Ina Jaffe

Ina Jaffe is a National desk correspondent based at NPR West, NPR's production center in Culver City, Calif.

Covering California and the West, Jaffe has reported on nearly all of the major news events, elections, and natural disasters in the region. Currently, she covers issues related to aging. She also reports on regional and national politics, contributing election coverage in 2008, 2010, and 2012.

In addition to captivating and informing listeners, Jaffe's reports have garnered critical acclaim. Her 2012 investigation into how the West Los Angeles VA made millions from renting property while ignoring plans to house homeless veterans won an award from the Society of Professional Journalists as well as a Gracie Award from the Alliance for Women in Media. A few months after the story aired, the West Los Angeles VA broke ground on supportive housing for homeless vets.

Jaffe's 2011 series on rising violence in California State Psychiatric Hospitals was also honored with a Gracie Award as well as awards from Investigative Reporters and Editors and the American Bar Association. Her three-part series on California's Three Strikes sentencing law won the ABA's Silver Gavel Award in 2010, as well as the Sigma Delta Chi award from the Society of Professional Journalists.

Before moving to Los Angeles, Jaffe was the first editor of Weekend Edition Saturday with Scott Simon which made its debut in 1985.

Born in Chicago, Jaffe attended the University of Wisconsin-Madison and DePaul University receiving Bachelor's and Master's degrees in philosophy, respectively.

Pages

Around the Nation
2:28 am
Mon September 10, 2012

Los Angeles VA Has Made Millions On Rental Deals

The 388-acre campus of the Veterans Affairs Medical Center in West Los Angeles was donated to the federal government more than 100 years ago for use as a home for disabled veterans, but is no longer used for that purpose. In 2007, Building 209, pictured here, was designated as a place to house disabled homeless vets. It is currently abandoned.
Nancy Pastor for NPR

Originally published on Mon September 10, 2012 6:59 pm

Most Los Angeles residents only know the Veterans Affairs medical center in West Los Angeles as something they glimpse from their cars when they're on traffic-choked Wilshire Boulevard. From the road it looks like a park, but within the grounds is the largest medical facility in the VA's health care system.

Read more
The Record
3:54 pm
Thu June 21, 2012

He'll Retune Your Living Room

Tomasz Zajaczkowski iStockphoto.com

Originally published on Thu June 21, 2012 5:11 pm

Want better sound from your home music system? Electrical engineering professor Chris Kyriakakis says it might not be your stereo components that are the problem — it might be your home.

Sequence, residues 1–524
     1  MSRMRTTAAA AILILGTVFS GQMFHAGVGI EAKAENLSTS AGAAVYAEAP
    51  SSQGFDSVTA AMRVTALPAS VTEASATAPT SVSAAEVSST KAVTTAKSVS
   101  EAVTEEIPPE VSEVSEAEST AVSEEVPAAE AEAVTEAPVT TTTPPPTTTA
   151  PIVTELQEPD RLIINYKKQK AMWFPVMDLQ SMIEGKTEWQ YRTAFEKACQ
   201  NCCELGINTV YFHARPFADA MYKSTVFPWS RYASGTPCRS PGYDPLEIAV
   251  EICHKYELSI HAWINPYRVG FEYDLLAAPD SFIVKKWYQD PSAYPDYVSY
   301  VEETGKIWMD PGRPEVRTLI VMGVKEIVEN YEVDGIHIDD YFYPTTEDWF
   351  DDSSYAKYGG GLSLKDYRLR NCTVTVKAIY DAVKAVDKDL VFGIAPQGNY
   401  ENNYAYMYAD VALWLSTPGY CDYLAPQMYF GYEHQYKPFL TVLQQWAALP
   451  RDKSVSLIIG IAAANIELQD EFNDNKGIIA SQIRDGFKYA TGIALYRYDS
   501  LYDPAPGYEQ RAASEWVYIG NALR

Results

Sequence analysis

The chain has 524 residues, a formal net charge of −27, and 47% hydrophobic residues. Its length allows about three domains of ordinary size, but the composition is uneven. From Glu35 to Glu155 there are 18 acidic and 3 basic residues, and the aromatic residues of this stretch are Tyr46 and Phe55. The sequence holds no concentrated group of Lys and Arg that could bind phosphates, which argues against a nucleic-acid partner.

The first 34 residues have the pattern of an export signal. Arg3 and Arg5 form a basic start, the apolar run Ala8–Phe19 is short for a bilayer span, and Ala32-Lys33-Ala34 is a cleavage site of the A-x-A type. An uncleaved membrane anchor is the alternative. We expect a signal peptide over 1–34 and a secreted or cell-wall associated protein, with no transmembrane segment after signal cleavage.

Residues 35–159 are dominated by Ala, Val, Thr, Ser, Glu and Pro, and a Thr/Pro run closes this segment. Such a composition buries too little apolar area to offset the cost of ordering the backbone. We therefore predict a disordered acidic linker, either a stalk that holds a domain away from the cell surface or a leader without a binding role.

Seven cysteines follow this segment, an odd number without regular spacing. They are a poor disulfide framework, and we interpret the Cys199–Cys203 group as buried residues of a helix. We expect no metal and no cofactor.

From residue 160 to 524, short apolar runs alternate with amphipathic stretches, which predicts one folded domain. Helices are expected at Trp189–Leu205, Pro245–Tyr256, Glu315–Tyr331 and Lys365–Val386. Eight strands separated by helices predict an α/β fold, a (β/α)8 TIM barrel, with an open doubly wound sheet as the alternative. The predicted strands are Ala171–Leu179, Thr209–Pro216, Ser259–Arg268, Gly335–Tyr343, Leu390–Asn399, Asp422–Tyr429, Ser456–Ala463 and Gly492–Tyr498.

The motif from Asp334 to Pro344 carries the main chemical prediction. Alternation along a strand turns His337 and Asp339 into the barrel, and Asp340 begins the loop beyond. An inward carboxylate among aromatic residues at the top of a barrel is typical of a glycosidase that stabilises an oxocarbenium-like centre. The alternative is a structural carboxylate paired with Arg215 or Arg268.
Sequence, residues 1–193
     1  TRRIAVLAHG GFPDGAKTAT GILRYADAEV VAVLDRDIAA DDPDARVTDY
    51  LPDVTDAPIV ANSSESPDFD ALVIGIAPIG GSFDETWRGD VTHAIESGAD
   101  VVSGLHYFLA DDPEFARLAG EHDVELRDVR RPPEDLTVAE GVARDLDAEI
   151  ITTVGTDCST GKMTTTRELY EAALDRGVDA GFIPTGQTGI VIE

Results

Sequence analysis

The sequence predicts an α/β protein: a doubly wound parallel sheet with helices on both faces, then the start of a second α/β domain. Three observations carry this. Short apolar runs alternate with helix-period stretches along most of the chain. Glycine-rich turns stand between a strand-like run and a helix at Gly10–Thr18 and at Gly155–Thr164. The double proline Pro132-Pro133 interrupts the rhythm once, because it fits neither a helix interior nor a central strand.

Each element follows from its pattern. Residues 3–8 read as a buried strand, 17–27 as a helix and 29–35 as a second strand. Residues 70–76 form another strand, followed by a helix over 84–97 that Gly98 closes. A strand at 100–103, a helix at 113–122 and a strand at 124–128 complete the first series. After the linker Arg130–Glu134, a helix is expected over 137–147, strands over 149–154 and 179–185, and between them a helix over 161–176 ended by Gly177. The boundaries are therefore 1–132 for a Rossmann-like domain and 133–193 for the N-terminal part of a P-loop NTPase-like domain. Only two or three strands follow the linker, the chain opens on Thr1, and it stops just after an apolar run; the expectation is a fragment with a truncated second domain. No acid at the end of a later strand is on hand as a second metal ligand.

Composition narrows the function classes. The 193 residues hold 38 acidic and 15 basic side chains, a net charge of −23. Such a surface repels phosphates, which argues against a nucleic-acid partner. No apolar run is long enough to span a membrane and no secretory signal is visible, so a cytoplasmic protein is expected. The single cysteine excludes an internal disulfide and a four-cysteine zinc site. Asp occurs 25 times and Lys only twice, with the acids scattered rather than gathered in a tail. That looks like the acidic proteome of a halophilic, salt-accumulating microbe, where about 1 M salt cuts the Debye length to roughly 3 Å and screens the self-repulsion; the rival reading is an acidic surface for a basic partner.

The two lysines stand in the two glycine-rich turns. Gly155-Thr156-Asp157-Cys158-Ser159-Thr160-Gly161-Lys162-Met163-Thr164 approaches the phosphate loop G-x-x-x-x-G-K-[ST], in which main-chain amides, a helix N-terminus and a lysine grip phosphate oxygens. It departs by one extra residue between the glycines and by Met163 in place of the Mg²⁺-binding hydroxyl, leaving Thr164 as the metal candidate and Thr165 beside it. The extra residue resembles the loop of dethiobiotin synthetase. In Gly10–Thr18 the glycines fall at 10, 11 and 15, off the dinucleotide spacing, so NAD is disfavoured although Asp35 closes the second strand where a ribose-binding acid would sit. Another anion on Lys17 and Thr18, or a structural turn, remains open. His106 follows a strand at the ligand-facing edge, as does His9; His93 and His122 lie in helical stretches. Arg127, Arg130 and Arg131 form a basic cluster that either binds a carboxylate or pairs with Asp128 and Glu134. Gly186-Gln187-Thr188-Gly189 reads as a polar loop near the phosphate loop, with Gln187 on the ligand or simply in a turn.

Kyriakakis, who is the principal investigator at the Immersive Audio Lab at the University of Southern California, has spent years figuring out how to make the experience of listening to recorded sound as close to what you hear in a live performance as possible.

Read more
Art & Design
4:21 pm
Wed June 20, 2012

340 Tons Of Art: 'Levitated Mass' To Rock L.A.

A 2011 sketch by artist Michael Heizer shows the walkway visitors will use to pass under the granite boulder at the center of the Los Angeles County Museum of Art's installation. (Click here to enlarge.)
Courtesy of Michael Heizer

Originally published on Thu June 21, 2012 8:39 am

Los Angeles has a new rock star — a 340-ton boulder perched above a long walk-through trench at the Los Angeles County Museum of Art. The installation, called Levitated Mass, is a new work by artist Michael Heizer that opens to the public on June 24.

Read more
Around the Nation
5:27 am
Sun April 29, 2012

After L.A. Riots, An Effort To Rebuild A Broken City

A fire burns out of control at the corner of 67th St. and West Blvd. in South Central Los Angeles on April 30, 1992. Hundreds of buildings burned when riots erupted after the verdicts in the Rodney King case were announced.
Paul Sakuma AP

Originally published on Mon April 30, 2012 11:33 am

The Los Angeles riots began 20 years ago Sunday, when a jury acquitted four police officers in the beating of black motorist Rodney King in 1992.

While the ashes were still smoldering, then-Mayor Tom Bradley announced a new organization that would repair the shattered city, Rebuild L.A. Its mission was to spend five years harnessing the power of the private sector to replace and improve on what was lost. While it created a lot of hope, it created even more disappointment.

Read more

Pages